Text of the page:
Coronavirus: why life after global lockdown will be a step into 'unknown territory'

Fearful of the impact on their economies, some governments are easing restrictions already - but are they opening up too soon?

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Related: The WHO's six step guide to easing coronavirus lockdowns

More than three months on from the emergence in Wuhan of Covid-19, the lockdown gripping the Chinese city was finally lifted last week.

After a 76-day ban on travel, authorities allowed train, road and air links to start up after China’s infection rate plummeted to the extent that most new cases now involve people entering the country.

Some major Chinese population centres, such as Shanghai, plan to reopen schools this month, while restaurants are reopening in Beijing, albeit with tables kept apart.

While the UAE's stay-home orders and restrictions on travel continue, with the exception of allowing some shops to open for Ramadan, governments elsewhere are following China's lead in allowing some businesses to open amid concerns over the economic effects of shutdowns.

At this stage of this new virus, it's better to overreact in favour of stopping the virus rather than the other way around

Austria is allowing garden centres to trade, some regions of Italy are permitting shops to open, while in Spain, where the rate of new infections has fallen, construction is starting up and factories are reopening.

Trying to predict what effects such loosening of restrictions may have is made more difficult by the fact that the coronavirus pandemic involves a new pathogen.

However, earlier outbreaks of another viral infection, influenza, offer pointers, even if infection patterns may not be the same.

Several years after the 2009 swine flu pandemic, where about one billion people are thought to have been infected and about 300,000 died, researchers concluded that closing schools in June that year curtailed a major outbreak, only for their reopening three months later to trigger new infections.

In a world where a small minority is immune to the novel coronavirus, the World Health Organisation has warned that infection rates could spike if lockdowns are lifted too early.

A number of academics, including Professor John Oxford, emeritus professor of virology at Queen Mary University of London and co-author of the textbook Human Virology, favour such a cautionary approach.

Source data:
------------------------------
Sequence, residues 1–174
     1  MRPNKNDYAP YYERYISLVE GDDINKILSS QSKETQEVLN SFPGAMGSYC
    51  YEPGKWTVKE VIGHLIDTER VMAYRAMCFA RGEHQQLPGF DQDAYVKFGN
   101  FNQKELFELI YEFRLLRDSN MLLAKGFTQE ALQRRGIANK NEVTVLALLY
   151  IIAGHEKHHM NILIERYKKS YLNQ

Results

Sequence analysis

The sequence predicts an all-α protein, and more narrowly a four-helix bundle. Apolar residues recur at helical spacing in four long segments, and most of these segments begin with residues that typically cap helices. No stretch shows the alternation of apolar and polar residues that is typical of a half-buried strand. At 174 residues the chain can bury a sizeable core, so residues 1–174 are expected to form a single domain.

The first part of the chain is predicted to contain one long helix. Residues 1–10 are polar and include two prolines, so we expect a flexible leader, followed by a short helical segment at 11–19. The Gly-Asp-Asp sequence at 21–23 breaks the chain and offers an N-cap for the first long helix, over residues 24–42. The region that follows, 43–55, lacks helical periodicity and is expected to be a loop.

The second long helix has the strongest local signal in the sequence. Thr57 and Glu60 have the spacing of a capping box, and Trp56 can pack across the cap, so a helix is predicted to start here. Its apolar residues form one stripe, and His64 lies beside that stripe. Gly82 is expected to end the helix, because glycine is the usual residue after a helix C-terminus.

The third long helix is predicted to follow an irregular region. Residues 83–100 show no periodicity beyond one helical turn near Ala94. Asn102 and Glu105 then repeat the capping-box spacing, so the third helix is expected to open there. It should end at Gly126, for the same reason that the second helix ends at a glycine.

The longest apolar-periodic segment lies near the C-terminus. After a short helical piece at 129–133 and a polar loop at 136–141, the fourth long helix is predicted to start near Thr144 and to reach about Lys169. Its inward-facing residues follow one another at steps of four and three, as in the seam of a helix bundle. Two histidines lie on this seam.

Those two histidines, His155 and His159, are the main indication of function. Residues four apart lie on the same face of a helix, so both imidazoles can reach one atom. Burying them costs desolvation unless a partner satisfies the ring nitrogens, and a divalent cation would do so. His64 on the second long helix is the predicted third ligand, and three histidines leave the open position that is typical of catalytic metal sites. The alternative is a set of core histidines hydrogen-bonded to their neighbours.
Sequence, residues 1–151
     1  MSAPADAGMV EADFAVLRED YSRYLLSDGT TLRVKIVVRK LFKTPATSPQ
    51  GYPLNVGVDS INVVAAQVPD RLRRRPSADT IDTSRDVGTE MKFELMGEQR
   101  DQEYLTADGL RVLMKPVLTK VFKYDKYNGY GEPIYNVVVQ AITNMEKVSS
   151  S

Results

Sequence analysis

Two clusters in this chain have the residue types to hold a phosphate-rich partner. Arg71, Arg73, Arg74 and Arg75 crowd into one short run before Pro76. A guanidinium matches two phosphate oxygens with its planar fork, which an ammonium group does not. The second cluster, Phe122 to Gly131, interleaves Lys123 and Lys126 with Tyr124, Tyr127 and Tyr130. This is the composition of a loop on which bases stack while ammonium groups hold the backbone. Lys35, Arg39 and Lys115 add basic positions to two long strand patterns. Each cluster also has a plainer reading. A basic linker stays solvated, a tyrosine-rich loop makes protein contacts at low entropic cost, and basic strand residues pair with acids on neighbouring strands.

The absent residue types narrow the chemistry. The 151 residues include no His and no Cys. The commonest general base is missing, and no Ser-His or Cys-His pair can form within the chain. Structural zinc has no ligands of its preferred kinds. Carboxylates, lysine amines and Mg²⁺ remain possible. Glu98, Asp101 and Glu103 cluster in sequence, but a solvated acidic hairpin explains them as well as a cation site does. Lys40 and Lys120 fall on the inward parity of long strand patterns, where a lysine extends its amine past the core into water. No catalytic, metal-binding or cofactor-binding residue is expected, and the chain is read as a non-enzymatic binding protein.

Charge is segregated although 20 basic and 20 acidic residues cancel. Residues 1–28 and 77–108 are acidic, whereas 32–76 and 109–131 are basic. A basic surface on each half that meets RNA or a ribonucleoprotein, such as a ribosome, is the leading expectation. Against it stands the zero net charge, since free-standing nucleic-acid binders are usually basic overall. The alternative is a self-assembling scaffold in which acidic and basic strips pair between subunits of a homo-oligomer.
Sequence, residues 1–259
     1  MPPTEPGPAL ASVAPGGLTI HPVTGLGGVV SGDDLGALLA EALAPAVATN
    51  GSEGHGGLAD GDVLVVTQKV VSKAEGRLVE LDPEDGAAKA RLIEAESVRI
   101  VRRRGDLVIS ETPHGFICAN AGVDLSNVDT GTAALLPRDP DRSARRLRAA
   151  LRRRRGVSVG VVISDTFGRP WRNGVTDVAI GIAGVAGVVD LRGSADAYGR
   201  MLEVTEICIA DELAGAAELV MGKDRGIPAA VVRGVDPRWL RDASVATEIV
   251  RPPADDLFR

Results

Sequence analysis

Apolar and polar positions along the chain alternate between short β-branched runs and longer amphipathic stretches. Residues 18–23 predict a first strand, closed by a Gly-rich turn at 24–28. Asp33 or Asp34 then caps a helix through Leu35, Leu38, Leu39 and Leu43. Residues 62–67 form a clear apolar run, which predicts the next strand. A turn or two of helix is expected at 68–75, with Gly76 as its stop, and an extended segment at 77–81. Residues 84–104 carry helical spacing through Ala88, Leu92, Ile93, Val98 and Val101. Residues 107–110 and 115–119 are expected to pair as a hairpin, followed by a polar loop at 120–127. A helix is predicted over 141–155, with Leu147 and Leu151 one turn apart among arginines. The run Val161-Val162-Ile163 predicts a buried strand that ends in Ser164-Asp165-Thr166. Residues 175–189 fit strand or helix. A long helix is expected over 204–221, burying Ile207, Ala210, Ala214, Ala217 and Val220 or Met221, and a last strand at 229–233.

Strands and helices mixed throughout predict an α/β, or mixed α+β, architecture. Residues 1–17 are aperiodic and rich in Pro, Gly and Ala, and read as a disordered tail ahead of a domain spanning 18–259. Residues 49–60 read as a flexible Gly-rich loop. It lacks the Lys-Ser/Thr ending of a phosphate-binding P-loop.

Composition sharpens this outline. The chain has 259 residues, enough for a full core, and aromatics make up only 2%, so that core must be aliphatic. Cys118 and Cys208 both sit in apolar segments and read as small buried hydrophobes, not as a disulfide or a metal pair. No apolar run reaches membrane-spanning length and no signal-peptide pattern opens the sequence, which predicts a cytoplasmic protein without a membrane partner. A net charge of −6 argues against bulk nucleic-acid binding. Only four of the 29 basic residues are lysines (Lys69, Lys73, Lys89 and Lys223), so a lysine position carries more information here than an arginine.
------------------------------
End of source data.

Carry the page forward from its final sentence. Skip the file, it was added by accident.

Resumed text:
Saying that “all of us need patience”, he indicated that high levels of testing, quarantine and isolation, and continued lockdowns, were required.

The 1918 to 1920 Spanish flu pandemic is thought to have cost more than 50 million lives and was described by a Yale University academic writing in 1923 as, apart from the First World War, “perhaps the most terrible calamity that has afflicted the world since the Black Death of the fourteenth century”.

As outlined by the United States Centres for Disease Control and Prevention, measures to prevent infections included the use of disinfectants, better personal hygiene, isolation and quarantine, and limits on public gatherings.

A 2007 study by UK and Netherlands researchers published in the Proceedings of the National Academy of Sciences of the USA found that no US cities found the "optimal point" at which interventions produced a peak of minimal size during the 1918 outbreak. Nonetheless, the conclusions may be useful for today's policymakers.

“The cities that got closest to the theoretical maximum possible reduction in mortality were those that implemented both early and effective interventions throughout the first peak and then were able to reintroduce these when transmission again increased,” the authors wrote.

In 2013 researchers set out, using complex statistical methods, to tease apart the factors that may have affected 1918-20 pandemic’s complex pattern of infections, which saw some areas hit by as many as three outbreaks.

School openings and closures had an influence, as did the weather, because the infection rate fell as temperatures increased. Most important, though, was human behaviour, because people appear to have reduced contact with others in response to the outbreak.

Viral evolution may also affect a pandemic, creating a risk of later outbreaks if the pathogen becomes easier to transmit or more difficult for the immune system to fight off, mirroring the situation when a population lacks widespread “herd” immunity.

“We have to be very, very careful,” Prof John Oxford said, adding that China’s example “definitely” showed the importance of strict containment measures.

“You cannot be more strict than they were. They’ve knocked the virus on the head.

“At this stage of this new virus, it’s better to overreact in favour of stopping the virus rather than the other way around.”

Ultimately, though, with a new virus, the outcome remains uncertain. The world is, said Prof Oxford, “walking into unknown territory”.